[Solution]Treating Alzheimer’s disease

A new pharmacological compound, compound A, has been developed as a potential therapy to treat Alzheimer’s disease. The purpose of this randomised, double-blind study at…

A new pharmacological compound, compound A, has been developed as a potential therapy to treat Alzheimer’s disease.

The purpose of this randomised, double-blind study at one research centre was to determine the effect of compound A on neuron degeneration in the brains of people with Alzheimer’s disease.

The study consisted of 53% female and 47% male participants. The age range of participants was 61 – 84 years old. No information was given about the ethnicity of the participants.

20mg or 40mg of compound A in tablet form, or a placebo tablet, was taken by the participants orally, daily for 6 months. Participants were randomly assigned to treatment groups.

Details of the group participants are shown in Table 1:

Treatment groupNumber of participantsMean number of years since diagnosisPlacebo3053.1Compound A 20mg2852.9Compound A 40mg923.2

Table 1. Number of participants and the mean number of years since diagnosis of Alzheimer’s disease, in each treatment group.

Neuron degeneration was measured in the participants both before and after the 6 months of treatment, using magnetic resonance imaging (MRI) analysis of participants brains.

The size of a specific area of the frontal lobe was measured using the MRI images from each participant. The size of this specific area correlates with the number of living neurons in this area; this makes this a good way to estimate neuron degeneration. In Alzheimer’s patients, the size of this area is reduced, due to the loss of neurons which have degenerated and died.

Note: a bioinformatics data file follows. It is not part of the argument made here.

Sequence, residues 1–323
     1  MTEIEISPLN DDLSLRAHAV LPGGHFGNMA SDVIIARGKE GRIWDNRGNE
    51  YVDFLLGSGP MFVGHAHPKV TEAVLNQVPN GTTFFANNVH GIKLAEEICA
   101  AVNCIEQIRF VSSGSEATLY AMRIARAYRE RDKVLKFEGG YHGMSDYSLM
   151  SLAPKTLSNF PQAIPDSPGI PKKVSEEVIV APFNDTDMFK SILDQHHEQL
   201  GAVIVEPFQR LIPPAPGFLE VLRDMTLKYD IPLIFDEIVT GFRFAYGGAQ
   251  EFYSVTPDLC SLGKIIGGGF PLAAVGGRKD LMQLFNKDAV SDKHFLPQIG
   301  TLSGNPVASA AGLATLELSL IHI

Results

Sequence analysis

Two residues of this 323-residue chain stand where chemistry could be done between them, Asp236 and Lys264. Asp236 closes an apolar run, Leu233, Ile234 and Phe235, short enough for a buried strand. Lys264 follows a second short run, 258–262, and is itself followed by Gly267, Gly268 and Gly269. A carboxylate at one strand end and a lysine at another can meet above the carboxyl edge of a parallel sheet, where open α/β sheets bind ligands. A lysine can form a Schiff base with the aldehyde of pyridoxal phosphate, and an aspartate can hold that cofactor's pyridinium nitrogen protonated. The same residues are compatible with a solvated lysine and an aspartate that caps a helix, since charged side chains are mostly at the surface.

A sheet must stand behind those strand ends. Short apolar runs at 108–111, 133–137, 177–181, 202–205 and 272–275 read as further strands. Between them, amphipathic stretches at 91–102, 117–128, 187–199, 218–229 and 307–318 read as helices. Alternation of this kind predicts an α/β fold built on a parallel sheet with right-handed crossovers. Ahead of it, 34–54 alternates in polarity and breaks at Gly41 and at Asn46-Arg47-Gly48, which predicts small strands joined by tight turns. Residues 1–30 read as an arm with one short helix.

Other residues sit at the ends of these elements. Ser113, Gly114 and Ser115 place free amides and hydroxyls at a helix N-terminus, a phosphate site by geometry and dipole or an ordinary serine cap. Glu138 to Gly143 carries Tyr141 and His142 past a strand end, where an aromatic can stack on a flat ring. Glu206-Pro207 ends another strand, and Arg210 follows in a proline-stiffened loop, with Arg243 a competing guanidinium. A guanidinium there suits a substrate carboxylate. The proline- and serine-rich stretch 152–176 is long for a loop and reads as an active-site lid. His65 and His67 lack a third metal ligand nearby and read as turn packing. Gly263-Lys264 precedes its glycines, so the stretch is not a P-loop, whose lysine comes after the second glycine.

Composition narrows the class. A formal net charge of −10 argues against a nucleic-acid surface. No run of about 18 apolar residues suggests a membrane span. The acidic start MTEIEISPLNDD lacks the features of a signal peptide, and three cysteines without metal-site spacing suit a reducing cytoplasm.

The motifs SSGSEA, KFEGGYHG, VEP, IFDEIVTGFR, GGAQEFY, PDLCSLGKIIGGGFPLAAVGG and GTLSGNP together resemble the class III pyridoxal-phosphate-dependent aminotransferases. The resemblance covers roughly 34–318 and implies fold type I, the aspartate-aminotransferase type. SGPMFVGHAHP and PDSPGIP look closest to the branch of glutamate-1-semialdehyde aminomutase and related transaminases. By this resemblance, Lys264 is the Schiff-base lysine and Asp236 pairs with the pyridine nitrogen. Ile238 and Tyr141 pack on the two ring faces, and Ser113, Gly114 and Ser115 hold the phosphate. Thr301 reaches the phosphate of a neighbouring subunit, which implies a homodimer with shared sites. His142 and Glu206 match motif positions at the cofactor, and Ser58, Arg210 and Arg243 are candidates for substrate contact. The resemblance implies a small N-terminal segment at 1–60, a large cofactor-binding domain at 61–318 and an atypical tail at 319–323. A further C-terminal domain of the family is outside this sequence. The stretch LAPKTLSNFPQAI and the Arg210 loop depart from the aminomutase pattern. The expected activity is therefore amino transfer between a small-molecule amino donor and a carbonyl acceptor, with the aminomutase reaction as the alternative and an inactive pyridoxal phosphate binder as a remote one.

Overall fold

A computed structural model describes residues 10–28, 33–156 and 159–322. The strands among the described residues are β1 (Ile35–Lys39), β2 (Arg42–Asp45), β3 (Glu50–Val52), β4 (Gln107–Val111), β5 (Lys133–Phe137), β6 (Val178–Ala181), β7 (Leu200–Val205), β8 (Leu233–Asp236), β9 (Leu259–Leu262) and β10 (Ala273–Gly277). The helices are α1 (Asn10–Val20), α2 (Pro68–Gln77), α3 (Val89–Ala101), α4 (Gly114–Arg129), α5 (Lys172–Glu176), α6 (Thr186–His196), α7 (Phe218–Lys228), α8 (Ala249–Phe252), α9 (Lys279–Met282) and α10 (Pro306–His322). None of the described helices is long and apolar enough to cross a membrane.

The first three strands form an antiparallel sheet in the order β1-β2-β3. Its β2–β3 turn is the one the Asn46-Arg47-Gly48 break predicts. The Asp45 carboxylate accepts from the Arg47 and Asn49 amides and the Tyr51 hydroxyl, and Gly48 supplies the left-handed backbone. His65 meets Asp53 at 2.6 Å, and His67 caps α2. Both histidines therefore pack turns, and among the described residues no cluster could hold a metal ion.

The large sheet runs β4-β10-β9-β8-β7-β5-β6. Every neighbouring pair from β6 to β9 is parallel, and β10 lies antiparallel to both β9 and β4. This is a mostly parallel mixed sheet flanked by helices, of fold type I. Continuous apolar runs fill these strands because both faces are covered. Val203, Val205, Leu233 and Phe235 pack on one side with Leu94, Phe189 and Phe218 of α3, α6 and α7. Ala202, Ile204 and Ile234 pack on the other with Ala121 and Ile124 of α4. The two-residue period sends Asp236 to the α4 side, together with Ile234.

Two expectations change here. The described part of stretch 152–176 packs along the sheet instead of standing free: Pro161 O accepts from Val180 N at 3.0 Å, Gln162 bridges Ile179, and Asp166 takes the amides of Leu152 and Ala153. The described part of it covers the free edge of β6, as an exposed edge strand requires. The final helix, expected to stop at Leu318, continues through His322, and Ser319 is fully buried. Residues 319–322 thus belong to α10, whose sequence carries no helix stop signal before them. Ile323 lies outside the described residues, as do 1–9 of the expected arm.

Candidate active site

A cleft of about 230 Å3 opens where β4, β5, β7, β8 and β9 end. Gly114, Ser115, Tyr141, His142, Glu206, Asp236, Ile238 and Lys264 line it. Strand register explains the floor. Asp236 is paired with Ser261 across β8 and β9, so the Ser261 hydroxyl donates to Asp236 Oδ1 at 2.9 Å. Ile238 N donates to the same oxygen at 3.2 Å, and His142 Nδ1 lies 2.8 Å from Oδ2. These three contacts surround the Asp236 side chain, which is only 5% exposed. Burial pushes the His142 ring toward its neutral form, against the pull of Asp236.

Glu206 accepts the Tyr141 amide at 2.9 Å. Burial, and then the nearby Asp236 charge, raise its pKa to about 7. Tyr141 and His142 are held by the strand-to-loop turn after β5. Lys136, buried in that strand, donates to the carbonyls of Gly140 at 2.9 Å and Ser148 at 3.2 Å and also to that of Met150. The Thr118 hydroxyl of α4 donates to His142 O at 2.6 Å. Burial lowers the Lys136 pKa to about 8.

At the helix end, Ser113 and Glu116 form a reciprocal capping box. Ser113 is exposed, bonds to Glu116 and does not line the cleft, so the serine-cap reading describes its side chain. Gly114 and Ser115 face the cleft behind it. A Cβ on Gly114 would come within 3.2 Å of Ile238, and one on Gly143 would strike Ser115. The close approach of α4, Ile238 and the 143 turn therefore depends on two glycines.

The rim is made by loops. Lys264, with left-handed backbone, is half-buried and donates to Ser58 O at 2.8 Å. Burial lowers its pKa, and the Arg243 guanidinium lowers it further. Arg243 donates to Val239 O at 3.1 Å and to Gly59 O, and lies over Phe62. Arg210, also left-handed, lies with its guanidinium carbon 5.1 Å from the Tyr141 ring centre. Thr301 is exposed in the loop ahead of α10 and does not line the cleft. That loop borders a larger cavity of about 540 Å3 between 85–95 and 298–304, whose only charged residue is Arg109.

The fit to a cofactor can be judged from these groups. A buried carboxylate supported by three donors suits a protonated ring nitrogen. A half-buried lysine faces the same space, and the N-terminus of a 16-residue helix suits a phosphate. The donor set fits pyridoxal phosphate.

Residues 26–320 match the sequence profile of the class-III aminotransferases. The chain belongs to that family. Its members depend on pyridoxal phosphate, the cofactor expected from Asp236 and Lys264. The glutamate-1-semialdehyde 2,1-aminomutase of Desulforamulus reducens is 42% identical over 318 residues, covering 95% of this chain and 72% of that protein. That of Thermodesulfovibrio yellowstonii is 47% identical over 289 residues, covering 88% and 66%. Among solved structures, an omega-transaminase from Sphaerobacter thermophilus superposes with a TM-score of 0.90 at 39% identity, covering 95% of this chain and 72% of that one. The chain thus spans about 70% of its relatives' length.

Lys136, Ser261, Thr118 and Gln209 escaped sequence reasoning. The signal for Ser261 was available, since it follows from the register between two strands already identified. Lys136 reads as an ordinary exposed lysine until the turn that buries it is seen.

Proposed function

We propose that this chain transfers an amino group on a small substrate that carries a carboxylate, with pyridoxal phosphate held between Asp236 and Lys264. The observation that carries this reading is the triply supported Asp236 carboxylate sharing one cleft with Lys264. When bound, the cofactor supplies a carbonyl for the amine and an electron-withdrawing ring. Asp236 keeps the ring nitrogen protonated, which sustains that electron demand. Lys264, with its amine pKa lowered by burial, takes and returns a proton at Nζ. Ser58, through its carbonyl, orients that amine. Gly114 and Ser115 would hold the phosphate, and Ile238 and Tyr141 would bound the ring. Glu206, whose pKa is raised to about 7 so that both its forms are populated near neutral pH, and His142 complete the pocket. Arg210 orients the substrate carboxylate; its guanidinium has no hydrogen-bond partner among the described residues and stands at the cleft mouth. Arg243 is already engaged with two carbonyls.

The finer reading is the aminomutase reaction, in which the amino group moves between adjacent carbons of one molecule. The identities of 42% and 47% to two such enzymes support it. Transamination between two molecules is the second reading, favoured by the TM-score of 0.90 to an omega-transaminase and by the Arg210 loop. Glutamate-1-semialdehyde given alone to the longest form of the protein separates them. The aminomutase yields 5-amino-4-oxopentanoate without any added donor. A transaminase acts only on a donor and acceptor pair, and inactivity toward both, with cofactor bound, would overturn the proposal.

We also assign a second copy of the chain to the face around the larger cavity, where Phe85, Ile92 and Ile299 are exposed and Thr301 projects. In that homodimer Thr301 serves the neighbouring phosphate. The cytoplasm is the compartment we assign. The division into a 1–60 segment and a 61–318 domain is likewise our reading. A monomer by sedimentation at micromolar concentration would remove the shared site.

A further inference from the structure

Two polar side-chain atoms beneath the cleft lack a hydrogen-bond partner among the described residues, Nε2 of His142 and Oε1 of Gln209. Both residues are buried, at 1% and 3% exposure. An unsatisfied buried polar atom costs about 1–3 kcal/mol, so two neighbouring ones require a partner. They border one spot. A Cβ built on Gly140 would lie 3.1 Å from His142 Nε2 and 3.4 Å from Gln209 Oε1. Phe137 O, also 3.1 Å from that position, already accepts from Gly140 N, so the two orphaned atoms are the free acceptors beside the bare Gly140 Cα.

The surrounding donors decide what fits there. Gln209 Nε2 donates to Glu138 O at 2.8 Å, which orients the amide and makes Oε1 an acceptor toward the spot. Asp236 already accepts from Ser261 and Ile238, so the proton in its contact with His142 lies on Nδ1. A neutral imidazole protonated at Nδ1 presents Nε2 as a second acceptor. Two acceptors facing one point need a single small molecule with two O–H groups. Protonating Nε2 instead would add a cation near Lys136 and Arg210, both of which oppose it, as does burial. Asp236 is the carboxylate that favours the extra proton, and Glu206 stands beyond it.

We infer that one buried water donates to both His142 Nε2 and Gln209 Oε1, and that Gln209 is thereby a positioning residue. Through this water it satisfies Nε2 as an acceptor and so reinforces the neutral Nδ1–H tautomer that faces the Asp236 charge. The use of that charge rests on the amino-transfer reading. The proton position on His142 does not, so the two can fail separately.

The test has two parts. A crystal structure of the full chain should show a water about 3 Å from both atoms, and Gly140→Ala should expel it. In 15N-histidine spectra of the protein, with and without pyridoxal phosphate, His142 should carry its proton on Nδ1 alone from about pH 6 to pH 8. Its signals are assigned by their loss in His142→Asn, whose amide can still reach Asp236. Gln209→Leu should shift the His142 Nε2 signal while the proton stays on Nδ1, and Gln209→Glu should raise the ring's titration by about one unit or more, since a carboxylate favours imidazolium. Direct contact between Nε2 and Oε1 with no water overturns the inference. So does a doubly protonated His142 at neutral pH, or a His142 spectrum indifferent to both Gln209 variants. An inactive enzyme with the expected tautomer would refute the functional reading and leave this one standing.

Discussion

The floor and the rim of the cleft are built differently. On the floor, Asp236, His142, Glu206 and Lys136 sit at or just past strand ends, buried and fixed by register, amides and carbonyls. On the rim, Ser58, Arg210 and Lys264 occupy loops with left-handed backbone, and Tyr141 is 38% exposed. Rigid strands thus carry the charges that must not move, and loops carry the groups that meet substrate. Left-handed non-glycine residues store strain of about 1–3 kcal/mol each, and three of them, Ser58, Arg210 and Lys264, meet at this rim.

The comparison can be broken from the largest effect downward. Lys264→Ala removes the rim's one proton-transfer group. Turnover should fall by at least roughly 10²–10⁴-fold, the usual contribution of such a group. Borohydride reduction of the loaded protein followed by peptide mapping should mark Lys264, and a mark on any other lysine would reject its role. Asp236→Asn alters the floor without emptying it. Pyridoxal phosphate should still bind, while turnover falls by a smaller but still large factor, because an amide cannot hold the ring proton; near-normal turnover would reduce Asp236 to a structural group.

Question 1 continued…

MRI results are shown below in table 2:

Treatment groupSize of specific frontal lobe area (mm3)  p value vs. ‘Before treatment’ of the same groupp value vs. ‘After 6 months treatment’ of Placebo groupBefore treatmentAfter 6 months treatmentPlacebo95.6 ± 1.563.2 ± 2.6*–Compound A 20mg93.3 ± 1.178.2 ± 1.2**Compound A 40mg96.1 ± 0.576.2  ± 2.1**

Table 2. MRI image results before and after 6-months treatment with placebo or 20mg / 40mg compound. The size of the specific measured frontal lobe using MRI is shown. Results are expressed as mean ± S.E.M.  *  p < 0.05, Student’s paired t-test.

(5 marks)

(1 mark)

Describe the main conclusions you can make from this data.

(4 marks)

A further investigation into compound A’s efficacy was then carried out by testing all the participants’ frontal lobe function, using the Wisconsin Card Sorting Test, after the 6 months treatment with compound A or placebo. A higher number of perseverative errors indicates worse frontal lobe function. Results are shown in table 3 below:

Question 1 continued…

Treatment groupNumber of perseverative errors p value vs. PlaceboPlacebo4.2 ± 0.5 –Compound A 20mg3.9 ± 0.6 n.s.Compound A 40mg4.1 ± 0.4 n.s.

Table 3. Number of perseverative errors made in the Wisconsin Card Sorting Test by participants from the three treatment groups after 6 months treatment. Results are expressed as mean ± S.E.M.  *  p < 0.05; n.s. = not significant; Student’s t-test.

(2 marks)

(3 marks)

The physicochemical properties of compound A, and an alternative but similar compound B, are shown in table 4 below:

 Compound ACompound BHydrogen bond acceptors312Hydrogen bond donors28Molecular mass (Da)184644Log P3.54.9

Table 4. Physiocochemical properties of compounds A and B.

Using the data in table 4, which compound (A or B) would be a better choice for treating Alzheimer’s disease?

(2 marks)

Suggest some further work that could be done, to assess in more detail whether compound A could be a useful treatment for Alzheimer’s disease.
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